And we can communicate with our outsourced help, wherever they are, more quicker and easier than before. We make free phone calls using Skype and inexpensive mass calls (or texts) using products like VoiceShot. We hold free conference call sessions using Freeconferencecall.com. We share our desktops using Glance and Join.me. We hold training sessions using Webex. We use video tools like Oovoo to virtually meet face to face.
And finding outsourced help is easier than it’s ever been. That’s because we can search sites like Craigslist, Elance and Guru. And when we find qualified people to accomplish specific tasks for us we can use these sites to set our relationships, manage our payments and communicate our needs.
Which is why so many of the tasks once done by companies are now being outsourced to individuals and other companies who can, using their own internal technology, perform these same tasks with so many less people. Most of the clients I work with outsource their payroll to companies like ADP and Paychex. Many outsource their bookkeeping needs to firms that do nothing else, but do it more efficiently. Most companies now have internet based phone systems where an automated attendant re-directs calls to people’s cell phones and voice mail messages are sent to them via text with no humans in the middle.
Are you starting to see the picture? I know you want to be hired full time by me. And I want to be doing my part. But please understand: I’m running a business. I want to make profits. And these tools are letting me make more profits by employing people only when I need them rather than carrying them on my payroll.
It’s not all Microsoft’s fault. What they’re doing is nothing compared to what’s happening on the shop floor. Because, quietly and without fanfare, companies like the Oystar Group are making machines that fill tubes faster than before, requiring less shifts of people to complete an order. And equipment from Keller Technology enables cosmetics and pharmaceutical manufacturers to produce more product with less people. And software and consulting firms like Intuitive ERP and Epicor are helping manufacturers change their internal processes to create more products from less space and using less resources, particularly people.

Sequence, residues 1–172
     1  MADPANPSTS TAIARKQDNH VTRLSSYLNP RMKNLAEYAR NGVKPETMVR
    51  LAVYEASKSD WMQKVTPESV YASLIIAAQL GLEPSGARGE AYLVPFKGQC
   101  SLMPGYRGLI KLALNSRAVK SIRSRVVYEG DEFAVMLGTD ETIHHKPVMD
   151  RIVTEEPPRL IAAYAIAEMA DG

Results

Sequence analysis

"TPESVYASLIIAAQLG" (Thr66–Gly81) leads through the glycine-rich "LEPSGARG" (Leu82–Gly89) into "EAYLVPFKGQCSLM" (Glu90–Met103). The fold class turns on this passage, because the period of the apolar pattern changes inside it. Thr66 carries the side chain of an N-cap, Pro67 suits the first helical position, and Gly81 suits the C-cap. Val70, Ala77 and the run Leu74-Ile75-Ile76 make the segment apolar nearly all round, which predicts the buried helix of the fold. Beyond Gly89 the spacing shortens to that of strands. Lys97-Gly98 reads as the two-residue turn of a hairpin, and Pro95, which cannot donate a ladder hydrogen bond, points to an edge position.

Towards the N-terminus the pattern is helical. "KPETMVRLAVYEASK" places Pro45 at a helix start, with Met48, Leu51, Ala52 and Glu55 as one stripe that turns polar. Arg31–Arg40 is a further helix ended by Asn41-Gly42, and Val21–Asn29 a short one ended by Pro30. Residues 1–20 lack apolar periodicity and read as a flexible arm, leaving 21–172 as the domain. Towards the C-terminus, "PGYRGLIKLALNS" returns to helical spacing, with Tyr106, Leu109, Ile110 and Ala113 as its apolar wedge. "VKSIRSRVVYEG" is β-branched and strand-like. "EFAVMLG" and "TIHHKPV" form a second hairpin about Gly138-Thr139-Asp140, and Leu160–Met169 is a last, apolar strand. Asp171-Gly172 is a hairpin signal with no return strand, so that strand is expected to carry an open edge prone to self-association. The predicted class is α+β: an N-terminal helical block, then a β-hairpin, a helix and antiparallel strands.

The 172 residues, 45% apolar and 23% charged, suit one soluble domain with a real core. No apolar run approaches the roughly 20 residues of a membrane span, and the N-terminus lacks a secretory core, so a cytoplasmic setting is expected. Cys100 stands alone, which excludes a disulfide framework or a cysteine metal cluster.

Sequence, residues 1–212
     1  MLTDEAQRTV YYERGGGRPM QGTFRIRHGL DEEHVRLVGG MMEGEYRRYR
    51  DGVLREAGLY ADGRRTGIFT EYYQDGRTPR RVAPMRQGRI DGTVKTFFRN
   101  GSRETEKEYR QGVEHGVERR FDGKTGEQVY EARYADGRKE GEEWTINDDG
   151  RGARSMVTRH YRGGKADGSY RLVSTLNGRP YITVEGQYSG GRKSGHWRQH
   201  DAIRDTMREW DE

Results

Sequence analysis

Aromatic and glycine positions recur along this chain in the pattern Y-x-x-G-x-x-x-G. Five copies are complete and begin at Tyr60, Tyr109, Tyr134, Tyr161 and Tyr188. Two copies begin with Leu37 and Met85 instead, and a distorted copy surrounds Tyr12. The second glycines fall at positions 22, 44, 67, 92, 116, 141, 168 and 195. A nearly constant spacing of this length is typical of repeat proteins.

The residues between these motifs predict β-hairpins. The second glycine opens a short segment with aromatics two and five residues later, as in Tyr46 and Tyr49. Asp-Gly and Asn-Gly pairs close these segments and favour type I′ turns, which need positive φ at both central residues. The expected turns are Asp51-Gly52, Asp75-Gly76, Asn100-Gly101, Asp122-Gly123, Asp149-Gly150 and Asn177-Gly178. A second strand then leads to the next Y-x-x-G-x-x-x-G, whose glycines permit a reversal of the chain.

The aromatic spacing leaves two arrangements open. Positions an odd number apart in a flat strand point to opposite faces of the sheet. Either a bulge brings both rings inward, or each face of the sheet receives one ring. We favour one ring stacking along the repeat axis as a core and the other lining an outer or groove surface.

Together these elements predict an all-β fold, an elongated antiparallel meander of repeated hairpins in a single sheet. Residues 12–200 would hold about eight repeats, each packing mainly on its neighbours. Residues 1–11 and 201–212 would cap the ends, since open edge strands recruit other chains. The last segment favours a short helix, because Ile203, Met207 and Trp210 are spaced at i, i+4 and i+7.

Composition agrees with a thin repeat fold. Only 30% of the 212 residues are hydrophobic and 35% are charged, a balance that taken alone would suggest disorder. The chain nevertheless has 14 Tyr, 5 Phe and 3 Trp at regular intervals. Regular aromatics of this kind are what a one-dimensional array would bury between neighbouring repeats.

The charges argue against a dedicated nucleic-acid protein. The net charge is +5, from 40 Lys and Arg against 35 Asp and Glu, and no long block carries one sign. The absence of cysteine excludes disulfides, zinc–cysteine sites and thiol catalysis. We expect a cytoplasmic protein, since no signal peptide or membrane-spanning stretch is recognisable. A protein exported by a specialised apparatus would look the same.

We know this is true in our own lives. Things are lasting longer and working better. We’re keeping our cars well beyond 100,000 miles. We’re letting our fridges and toasters and kettles do their jobs well beyond the lifespan that our parents did. New developments in flooring, painting and construction are resulting in longer use of our homes. Because technology is better. Have you ever had a TV repairman to your house? How many times has your washing machine broken down over the past twelve years and thousands upon thousands of cycles? Because of technology, there are less people needed to manufacture and service the durable equipment that we use because this stuff is working better and for a much longer period of time.
And with all that, we still need you. Don’t believe me? Look at last month’s Monster Employment Index or read Gallup’s recent Job Creation data. Both surveys find that job availabilities are at their highest level than before 2008. But these are not same the jobs that existed before 2008. That’s because we don’t need as many receptionists, clerks, cashiers, bookkeepers, inventory stockers and maintenance people as we used to. Technology has helped us cut back on all of that. Go to your local supermarket (or Rite Aid) and you’ll see what I mean.
But we do need programmers. And experienced customer service people. We need engineers, scientists, high end equipment operators, nurses, lab technicians and (very soon) capable construction workers too. In other words: people with skills. As a business owner it’s a no-brainer to me that if I can profit from your skills I may very well be persuaded to hire you. What expertise can you bring to me that a machine can’t do for much less? I have to meet that challenge with my own customers. That’s the challenge that we all face.
Of course, all economies are cyclical. And more jobs will be created once the economy again begins to grow. No one knows when this will happen and right now, in our current political environment, many aren’t feeling too confident that this will happen anytime soon. But even in a growing economy will we ever see 5-6% natural unemployment again? This may never happen. And if it doesn’t, please don’t just blame the politicians. Blame Microsoft. And other tech companies like them. It’s because of them that I’m not hiring you.
Artical Source- http://blogs.forbes.com/quickerbettertech/2011/07/18/9-2-unemployment-blame-microsoft/